Truthfully, if you are in a corporate job, can you tell me exactly what the other teams in your firm are working on? What technology they use, which clients they serve, what innovations they are making, how can they evolve? And in your own team, do you know how your work fits into the company’s overall offering? What is your value-add? Is there something you or your team can do better?
Yes, you need to give these concepts some thought, no matter your role. How else will you grow in the company, and help your company grow too? If you have managed to answer some of these questions, I assure you, you are among the tiny percentage of people who could do so. The majority are clueless about the big picture and the leadership role they can acquire for themselves.
Can you imagine your leg doing it’s own dance, your arm doing it’s own spin, without the body functioning as ‘ONE WHOLE UNIT’? What if your right eye wants to read that new book, but your left eye wants to just check out the pretty girl passing by? Imagine your face! Well, I know that would be an entertaining situation, but the point here is, as a person, we need to operate as ‘ONE COGNITIVE UNIT’. Else your work suffers. And every company, the same way, needs to be ‘ONE COGNITIVE UNIT’. We need better gelling between different operations and teams - to truly understand, streamline and upgrade the services of the company. We need more cultural agility for employees to see how they can contribute to other teams and to the company’s business outcomes.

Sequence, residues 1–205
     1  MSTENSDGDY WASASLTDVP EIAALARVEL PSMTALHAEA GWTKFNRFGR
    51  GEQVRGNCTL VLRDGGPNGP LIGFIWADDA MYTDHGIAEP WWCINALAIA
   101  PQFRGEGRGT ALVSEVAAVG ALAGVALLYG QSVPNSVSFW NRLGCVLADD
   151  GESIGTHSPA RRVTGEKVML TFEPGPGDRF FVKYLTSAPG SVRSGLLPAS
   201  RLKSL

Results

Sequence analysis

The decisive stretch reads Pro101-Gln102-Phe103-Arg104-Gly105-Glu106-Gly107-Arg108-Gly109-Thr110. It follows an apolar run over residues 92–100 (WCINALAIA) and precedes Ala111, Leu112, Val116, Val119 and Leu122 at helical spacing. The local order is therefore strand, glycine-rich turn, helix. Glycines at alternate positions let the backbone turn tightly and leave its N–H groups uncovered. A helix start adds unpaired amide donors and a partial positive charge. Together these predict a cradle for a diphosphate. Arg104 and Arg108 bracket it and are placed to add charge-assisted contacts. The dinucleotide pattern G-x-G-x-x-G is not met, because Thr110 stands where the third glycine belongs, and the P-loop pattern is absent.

While all companies talk about culture, agility and employee engagement, most of them are still far from tapping into the true potential of their people. Like another acquaintance pointed out to me on LinkedIn, change-makers are looked upon as ‘rebels’ instead of being given the space to innovate. Or the HR teams and the ‘Higher-Up’s’ are simply not responsive enough to new requests. Until they receive a big wake-up call from the new market, like my friends did!
Here are five quick suggestions to refresh your work-culture:
1) Have ‘Integration’ sessions every month, where different teams and stakeholders come together, to understand all operations and vision of the company. Encourage free-flow of thoughts and ideas to improve as a whole.
2) Have an ‘Energy Audit’- to check on the physical and emotional well-being of every member. Run wellness camps, workshops, coaching sessions, health provisions etc. to improve both physical and mental energy of your co-workers.
3) Cultivate Friendships – Spending 70% of our days at work, we deserve to live surrounded by ‘friends’, rather than boss, team-lead, manager, intern etc. Have parties, trips and various activities that help your people shed labels and be good friends. Have policies in place to minimize politics.
4) Create Cheerful Spaces – Would you feel energetic in a claustrophobic cell or in spacious, thoughtfully-designed, fresh workspaces? The environment can make us grumpy or cheerful. Choose positive environments to boost focus, creativity and happiness.
5) Take Risks – Try new players in new roles. Experiment with new technology. Accept ‘different’ ideations, people, procedures, philosophies. Alan Turing said, “Sometimes it is the people no one imagines anything of, who do the things no one can imagine.” Let everyone lead in their own style, and the results can awe you!
Here’s to better work cultures and better profits!
By Sindhujaa Kumar